The opposition to Iraq is entirely unprincipled. It sacrifices traditional liberal values for political expediency, sacrificing the future of 20+ million Iraqis on the altar of Democratic partisanship. The Democrats seem far more interested in defeating George W. Bush than they do Saddam Hussein. This kind of attitude is simply unacceptable, especially at a critical time like this. As Goldberg notes:

They [the Democrats] see each setback in Iraq as a political opportunity to question whether we should be there at all. Not only do they send a message of weakening American resolve at precisely the wrong moment, not only do they abandon their historical principles, but they underscore their most enduring political handicap – the impression that Democrats are unserious on foreign policy. They are left with no principle to stand on, no plan of their own to promulgate, and no credibility to trade with. In short, they have ritualistically shorn themselves of everything but animus and appetite. Shame on them.

I don’t think the Democrats know how devastating this attitude is. They’re handing a key issue to the Republicans in such a way that any Democratic candidate is going to have an instant credibility problem right out of the gate. I can already see the kind of TV ads juxtaposing crying Iraqi children and victims of Ba’athist torture with the well-coifed Democrats arguing who will do more to give them the shaft. The Democrats have abandoned real liberalism to partisanship and petulance, and they will pay the price for it in 2004.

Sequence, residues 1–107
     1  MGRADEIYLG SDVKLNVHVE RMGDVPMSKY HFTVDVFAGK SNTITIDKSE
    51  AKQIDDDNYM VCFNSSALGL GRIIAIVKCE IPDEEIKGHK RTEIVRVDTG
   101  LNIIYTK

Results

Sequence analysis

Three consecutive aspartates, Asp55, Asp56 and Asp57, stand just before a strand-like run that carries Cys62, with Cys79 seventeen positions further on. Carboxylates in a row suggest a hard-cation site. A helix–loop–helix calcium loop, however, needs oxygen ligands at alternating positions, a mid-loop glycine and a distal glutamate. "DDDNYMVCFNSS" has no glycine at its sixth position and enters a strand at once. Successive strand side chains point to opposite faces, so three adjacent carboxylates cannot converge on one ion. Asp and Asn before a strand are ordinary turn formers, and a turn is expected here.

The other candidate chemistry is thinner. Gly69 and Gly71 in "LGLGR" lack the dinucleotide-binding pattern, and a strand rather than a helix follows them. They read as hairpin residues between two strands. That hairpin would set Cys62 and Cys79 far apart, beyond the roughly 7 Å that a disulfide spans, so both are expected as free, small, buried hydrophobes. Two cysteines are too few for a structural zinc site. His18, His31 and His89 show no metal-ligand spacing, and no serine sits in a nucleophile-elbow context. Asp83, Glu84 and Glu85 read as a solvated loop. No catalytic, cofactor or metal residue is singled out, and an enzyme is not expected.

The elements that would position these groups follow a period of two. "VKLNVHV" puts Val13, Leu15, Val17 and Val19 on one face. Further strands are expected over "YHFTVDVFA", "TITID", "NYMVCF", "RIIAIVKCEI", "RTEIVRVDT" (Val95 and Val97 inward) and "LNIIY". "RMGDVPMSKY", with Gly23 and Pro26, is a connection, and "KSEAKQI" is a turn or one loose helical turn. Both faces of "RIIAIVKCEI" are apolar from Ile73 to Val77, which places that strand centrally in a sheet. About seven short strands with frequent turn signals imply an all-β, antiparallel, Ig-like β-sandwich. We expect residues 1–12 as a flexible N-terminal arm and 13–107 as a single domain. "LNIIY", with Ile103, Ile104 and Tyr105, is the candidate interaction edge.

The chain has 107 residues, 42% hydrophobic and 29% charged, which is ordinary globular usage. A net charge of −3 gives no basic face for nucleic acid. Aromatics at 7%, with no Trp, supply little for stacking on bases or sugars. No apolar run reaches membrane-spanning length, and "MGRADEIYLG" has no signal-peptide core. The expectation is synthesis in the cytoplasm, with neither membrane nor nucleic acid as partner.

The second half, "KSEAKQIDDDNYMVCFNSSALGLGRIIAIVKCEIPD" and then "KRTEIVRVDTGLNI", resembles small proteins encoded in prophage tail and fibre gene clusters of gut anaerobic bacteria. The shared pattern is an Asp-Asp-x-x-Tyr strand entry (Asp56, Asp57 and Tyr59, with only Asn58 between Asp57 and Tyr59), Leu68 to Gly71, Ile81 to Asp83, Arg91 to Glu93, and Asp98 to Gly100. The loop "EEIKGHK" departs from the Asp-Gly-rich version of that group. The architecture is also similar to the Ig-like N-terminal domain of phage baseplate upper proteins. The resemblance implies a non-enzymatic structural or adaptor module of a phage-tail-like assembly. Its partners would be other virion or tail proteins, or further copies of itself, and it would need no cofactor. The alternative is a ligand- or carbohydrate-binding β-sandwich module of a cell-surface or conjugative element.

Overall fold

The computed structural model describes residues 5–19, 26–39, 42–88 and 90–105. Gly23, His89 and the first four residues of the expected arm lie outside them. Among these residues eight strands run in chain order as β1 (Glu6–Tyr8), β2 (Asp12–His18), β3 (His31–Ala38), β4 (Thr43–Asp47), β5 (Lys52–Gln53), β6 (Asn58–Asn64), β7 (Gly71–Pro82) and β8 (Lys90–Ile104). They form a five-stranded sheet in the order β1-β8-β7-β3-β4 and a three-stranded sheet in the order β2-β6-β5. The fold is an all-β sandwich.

5 thoughts on “Iraq Is Not Vietnam

  1. Right, because the RNC is going to be thrilled with the idea of disaffected soldiers with missing limbs cutting commercials calling Bush a liar and a fraud for taking us to this war.

    The Republicans want the war off the table until the troop withdrawls begin. As long as attacks continue, Bush can’t pull out troops and still look tough on foreign policy. In short, Bush is stuck until after the situation becomes stable AND safer. I don’t forsee that happening before next summer, and I don’t expect the decision for a pullback will be Bush’s to make when the time comes.